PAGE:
Video Event of the the Week: Might the Lionsgate DVD of Killers, the excruciatingly unfunny rip-off of the equally excruciating True Lies, starring Ashton Kutcher and the desperately in need of a better agent Katherine Heigl, be what what we're talking about? Could Rogue Pictures' Blu-ray of MacGruber, the umpteenth SNL skit making the jump to the big screen, by some chance get the nod? Or might -- and I think this is a good bet -- Millenium's various disc editions of Solitary Man, the hilarious small-scale comedy of male misbehavior starring a never better Michael Douglas, by any chance be The One(s)?
Could be, could be, but for a number of personal, even sentimental reasons, it just has to be the Criterion Collection's gorgeous new DVD and Blu-ray sets of Stanley Donen's 1963 quasi-Hitchockian charmer Charade, starring Audrey Hepburn and Cary Grant.
The standard take on Charade is that it's the most entertaining Hitchcock film that Hitchcock didn't actually make, and that's probably true, if by "Hitchcock film" you're referring specifically to the master's criminally entertaining 50s Grant vehicles North by Northwest and To Catch a Thief. Charade certainly has the same eye for glamor and sense of fun of those two, and of course Hepburn is every bit as delectable an icon as Eva-Marie Saint and Grace Kelly. But director Donen and screenwriter Peter Stone pull a neat little gender flip on the classic Hitchcock setup; as critic Bruce Eder points out in an unusually perceptive and informative booklet essay in the Criterion package, Charade is practically the distaff answer to North by Northwest. Here's it's the woman, Hepburn, whose life is turned upside down and menaced on all sides by mysterious figures out to do her harm for no immediately discernible reason, while Grant plays the glamorous, seductive figure who may or not have her interests at heart either.
Here's the original theatrical trailer (included in the set) to remind you just how much fun all this is. And I should mention, at this point, that the ensemble supporting cast is aces; apart from everything else, Charade just may feature Walter Matthau's most underrated performance.
Criterion's new high-def transfer (in both the DVD and Blu-ray editions) is from a 35mm interpositive, and looks smashing (the better to appreciate how artfully Donen dealt with the film's Paris locations). Bonuses with the set include the aforementioned trailer and a running audio commentary by Donen and Stone (who died shortly after the recording); if you've ever seen Donen interviewed elsewhere, you already know just how ingratiating and funny the track is.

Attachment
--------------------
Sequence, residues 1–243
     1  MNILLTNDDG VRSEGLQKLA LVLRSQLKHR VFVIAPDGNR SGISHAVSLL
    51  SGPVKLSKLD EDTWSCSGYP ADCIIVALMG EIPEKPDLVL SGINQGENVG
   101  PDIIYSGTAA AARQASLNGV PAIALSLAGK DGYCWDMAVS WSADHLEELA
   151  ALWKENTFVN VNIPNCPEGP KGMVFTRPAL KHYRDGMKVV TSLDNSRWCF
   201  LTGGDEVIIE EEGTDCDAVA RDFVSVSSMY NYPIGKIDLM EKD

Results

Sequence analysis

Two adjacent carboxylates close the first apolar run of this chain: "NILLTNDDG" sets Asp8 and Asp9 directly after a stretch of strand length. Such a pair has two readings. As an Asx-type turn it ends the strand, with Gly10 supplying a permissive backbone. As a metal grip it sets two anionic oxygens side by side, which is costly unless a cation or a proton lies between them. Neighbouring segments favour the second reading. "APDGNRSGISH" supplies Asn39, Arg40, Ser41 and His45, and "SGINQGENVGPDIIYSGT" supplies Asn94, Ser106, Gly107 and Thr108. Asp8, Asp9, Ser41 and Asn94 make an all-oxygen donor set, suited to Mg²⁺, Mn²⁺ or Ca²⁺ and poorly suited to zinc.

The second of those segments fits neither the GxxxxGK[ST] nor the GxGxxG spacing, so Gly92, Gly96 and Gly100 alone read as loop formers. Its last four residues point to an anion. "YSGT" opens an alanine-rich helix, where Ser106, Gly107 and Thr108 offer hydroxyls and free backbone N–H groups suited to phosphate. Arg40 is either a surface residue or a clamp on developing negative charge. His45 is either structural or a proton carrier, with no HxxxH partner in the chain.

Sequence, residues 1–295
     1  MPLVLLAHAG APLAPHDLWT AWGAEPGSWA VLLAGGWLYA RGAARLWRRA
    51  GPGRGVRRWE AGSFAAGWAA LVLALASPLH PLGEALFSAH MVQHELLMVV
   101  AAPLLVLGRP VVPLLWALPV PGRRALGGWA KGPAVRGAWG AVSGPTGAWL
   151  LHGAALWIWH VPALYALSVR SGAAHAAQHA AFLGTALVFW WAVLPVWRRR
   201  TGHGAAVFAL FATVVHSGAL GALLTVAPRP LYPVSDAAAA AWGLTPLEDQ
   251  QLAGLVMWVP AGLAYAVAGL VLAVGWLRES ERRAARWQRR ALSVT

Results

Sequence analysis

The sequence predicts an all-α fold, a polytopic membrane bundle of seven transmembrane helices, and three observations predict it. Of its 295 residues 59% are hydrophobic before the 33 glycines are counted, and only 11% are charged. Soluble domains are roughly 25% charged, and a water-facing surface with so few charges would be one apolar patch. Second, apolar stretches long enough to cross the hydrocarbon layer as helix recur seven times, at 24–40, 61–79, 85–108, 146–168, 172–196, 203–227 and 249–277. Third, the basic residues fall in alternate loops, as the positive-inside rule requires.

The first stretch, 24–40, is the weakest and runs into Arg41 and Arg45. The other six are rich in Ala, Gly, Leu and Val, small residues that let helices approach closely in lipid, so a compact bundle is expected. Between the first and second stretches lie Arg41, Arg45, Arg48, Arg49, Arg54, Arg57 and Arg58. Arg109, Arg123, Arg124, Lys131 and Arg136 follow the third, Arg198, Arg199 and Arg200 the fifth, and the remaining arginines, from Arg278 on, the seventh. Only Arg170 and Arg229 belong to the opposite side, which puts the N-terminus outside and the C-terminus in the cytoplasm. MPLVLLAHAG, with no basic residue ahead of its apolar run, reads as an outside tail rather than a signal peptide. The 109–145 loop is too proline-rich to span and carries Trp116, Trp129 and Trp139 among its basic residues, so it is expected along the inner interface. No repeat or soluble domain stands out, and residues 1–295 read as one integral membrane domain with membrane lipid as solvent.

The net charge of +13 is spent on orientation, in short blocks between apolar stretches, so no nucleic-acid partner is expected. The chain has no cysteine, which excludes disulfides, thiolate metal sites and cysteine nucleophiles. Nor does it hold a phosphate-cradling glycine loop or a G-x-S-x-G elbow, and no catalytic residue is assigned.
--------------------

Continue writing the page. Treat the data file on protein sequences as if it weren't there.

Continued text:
Bottom line: You can pre-order Charade -- and frankly, I can't imagine what you're waiting for -- over here.
Okay, and with that out of the way (and because things will doubtless be a little quiet around here for a couple of days) here's a fun and obviously relevant little project to help us wile away the hours:
Most Interesting (i.e., Best, Worst or Oddest) Romantic Actor & Actress Pairing in a Feature Film!!!
And my top of my head Top Five is:
5. Julia Roberts and Clive Owen in Duplicity (Tony Gilroy, 2009)
I thought this one worked on every level, not just because the chemistry between Roberts and Owen was palpable, but apparently this was a minority opinion.
4. Robert Redford and Lena Olin in Havana (Sydney Pollack, 1990)
Two absolutely drop dead gorgeous people and absolutely zero sparks fly between them. It's really quite remarkable.
3. Alec Baldwin and Kim Bassinger in The Getaway (Roger Donaldson, 1994)
A famously tempestuous real-life beautiful couple playing an even more tempestuous pair of film noir lowlifes. It should have worked, but instead, the whole movie just sort of lies there like a lox.
2. Madonna and Willem Dafoe in Body of Evidence (Uli Edel, 1993)
You know the expression "I'd crawl nude over broken glass to boink her?" At one point in this ludicrous attempted erotic thriller, Dafoe actually kind of does that vis a vis the Material Girl, and let's just say if it puts you in the mood for anything but asking the ticket lady for your money back, you need to have it looked at.
And the Numero Uno Fun Film Couple of them all -- c'mon, why are we even considering anybody else? -- simply has to be....
1. Boris Karloff and Elsa Lanchester in Bride of Frankenstein (James Whale, 1935)
Of course, when they finally meet, it's obvious the relationship hasn't got a chance. But still -- what a pair!!!
Alrighty then -- what would your choices be?